01/15/2015 07:54 am ET Updated Mar 17, 2015

Shared Office Sprawl Creates Conveniences -- And Headaches -- For Business Owners

In business, it's all about location, location, location -- a mantra that rings especially true when it comes to finding and leasing office space.

A 2013 office tenant survey conducted by BOMA International found that more than half of the 1,261 respondents consider proximity to clients and public transportation a "high" or "very high" priority when searching for office space. In addition, 49 percent of tenants surveyed said being downtown is a must, while more than a third ranked being close to current and prospective employees as a top priority.

But as any office tenant will tell you, all of these "wish list" items come at a cost -- one that many small business owners may not be able to afford. That is, unless they lease space in a shared office environment.

While the majority of shared offices have some common attributes -- most are more affordable than traditional office space and facilitate teamwork and collaboration -- not all shared office centers are alike, especially in terms of location. As the market has become increasingly crowded, shared offices have spread from the central business districts of Chicago and other major U.S. cities into new neighborhoods that, historically, have been more residential than commercial. That's good news for entrepreneurs who already live in these neighborhoods and want their office to be closer to home, but can create headaches for clients and employees who have to commute from other areas, potentially undermining a company's growth.

Below are three location-related questions every business should ask when considering a shared office in a non-core location:

  1. How far away are major expressways? In some neighborhoods, it can take 15 minutes or longer to reach a main thoroughfare during peak travel times. It's therefore important to consider how accessible the location is for people who are driving to your office. A drive that takes 30 minutes at 2:30 p.m. could take an hour or more in the morning and evening rush.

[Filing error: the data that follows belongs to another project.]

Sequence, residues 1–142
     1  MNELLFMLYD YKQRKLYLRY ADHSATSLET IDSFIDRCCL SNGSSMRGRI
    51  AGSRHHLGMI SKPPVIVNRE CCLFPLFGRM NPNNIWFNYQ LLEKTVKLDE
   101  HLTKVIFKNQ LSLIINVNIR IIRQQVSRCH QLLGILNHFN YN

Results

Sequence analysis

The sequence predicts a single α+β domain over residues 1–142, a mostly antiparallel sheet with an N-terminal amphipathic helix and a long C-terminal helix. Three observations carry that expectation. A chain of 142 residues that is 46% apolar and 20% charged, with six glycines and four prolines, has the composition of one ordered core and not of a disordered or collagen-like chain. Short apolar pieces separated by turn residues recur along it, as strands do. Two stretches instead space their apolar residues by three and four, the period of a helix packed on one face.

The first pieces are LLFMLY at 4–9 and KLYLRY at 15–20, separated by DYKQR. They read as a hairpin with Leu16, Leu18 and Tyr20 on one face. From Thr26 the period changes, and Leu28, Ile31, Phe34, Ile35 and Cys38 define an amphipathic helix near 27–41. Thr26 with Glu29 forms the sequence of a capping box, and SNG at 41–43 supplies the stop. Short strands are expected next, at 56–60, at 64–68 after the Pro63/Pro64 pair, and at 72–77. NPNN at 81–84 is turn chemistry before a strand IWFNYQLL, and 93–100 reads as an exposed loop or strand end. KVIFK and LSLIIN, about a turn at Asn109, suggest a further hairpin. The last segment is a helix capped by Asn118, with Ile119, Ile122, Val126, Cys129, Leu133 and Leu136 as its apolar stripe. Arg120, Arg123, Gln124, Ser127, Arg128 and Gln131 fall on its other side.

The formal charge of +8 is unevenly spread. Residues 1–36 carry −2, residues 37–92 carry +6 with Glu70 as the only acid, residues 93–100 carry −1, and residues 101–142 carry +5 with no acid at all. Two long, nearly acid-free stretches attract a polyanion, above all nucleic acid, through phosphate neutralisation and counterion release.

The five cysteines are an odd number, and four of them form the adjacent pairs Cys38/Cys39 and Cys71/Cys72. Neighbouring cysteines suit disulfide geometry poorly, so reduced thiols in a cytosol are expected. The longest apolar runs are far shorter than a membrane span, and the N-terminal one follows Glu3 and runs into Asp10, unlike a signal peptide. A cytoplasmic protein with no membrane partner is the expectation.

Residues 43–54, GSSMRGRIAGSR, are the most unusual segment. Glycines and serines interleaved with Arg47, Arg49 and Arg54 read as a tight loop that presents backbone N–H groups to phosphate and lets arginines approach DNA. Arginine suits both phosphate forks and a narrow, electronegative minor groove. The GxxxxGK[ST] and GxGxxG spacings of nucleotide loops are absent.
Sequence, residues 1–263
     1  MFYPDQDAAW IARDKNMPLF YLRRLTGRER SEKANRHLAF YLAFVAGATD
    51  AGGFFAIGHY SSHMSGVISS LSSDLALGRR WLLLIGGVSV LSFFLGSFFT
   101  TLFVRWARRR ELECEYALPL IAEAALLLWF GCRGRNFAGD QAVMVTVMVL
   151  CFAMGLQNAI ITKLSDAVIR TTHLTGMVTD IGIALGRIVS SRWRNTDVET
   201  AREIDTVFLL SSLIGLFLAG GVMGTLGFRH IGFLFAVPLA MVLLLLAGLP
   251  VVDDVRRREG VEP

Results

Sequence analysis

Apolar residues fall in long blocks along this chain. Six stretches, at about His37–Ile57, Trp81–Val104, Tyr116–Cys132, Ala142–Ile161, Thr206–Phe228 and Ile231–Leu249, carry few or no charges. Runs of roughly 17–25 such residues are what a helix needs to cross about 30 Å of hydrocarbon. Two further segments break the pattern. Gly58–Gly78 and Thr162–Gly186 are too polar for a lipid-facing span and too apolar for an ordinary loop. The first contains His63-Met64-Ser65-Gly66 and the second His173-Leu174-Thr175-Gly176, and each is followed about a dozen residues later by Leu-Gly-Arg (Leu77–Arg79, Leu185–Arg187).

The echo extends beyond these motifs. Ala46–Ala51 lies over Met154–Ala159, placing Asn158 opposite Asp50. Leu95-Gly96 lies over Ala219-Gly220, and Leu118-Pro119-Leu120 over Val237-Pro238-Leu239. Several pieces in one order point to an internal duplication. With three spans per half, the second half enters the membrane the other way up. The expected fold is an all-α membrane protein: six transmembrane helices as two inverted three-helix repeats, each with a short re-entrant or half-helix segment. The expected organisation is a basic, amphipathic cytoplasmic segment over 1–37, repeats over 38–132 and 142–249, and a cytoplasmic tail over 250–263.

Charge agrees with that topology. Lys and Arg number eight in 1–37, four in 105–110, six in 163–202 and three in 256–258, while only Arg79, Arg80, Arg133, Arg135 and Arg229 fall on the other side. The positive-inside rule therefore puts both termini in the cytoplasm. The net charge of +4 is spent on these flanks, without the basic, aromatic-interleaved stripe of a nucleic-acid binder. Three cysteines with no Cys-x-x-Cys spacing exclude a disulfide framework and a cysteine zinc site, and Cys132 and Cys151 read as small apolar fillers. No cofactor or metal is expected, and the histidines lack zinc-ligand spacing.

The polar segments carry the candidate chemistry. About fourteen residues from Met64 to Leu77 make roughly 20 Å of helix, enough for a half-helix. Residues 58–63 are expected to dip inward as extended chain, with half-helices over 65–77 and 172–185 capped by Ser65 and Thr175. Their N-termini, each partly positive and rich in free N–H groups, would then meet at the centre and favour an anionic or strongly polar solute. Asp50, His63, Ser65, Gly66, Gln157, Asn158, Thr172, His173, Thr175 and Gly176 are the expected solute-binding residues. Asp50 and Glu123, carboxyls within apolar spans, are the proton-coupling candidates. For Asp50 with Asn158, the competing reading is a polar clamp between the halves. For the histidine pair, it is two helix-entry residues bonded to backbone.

2. Is public transportation available? A growing number of U.S. households do not own a car, according to a 2014 study by the University of Michigan's Transportation Research Institute. This is especially noticeable in larger cities like D.C., New York and Chicago, where public transit is readily available. By choosing an office center near train and bus stops, which are typically concentrated in downtown districts, businesses can save car-less visitors from expensive cab rides and long walks that cut into their workday.
  3. Are there any alternative modes of transportation? Bike-sharing programs have popped up in cities across the country, providing residents with an alternative mode of transportation that's available 24 hours a day, 365 days a year. Today, many young professionals want to have this option, even if they don't take advantage of it on a daily basis. As a result, businesses should consider "bike-ability" - that is, proximity to bike-share stations and designated bike routes - when searching for a shared office, and ensure there are bike racks and/or secure rooms on-site where bikes can be stored. Cities like Chicago, New York and Seattle also offer water taxi services as an alternative transportation option for those who prefer a more leisurely commute to work.

While office centers in non-core locations may look similar to their downtown counterparts, they often lack the one thing that matters most to clients and employees: accessibility. A downtown address allows shared office tenants to cross off almost every item on their wish list - all at a fraction of the cost of traditional office space - without inconveniencing the people who will help them grow and manage their business.


Frank Chalupa is president and co-founder of Amata Office Solutions, a Chicago-based real estate provider specializing in office solutions for companies requiring up to 10,000 square feet of office space. For more information, visit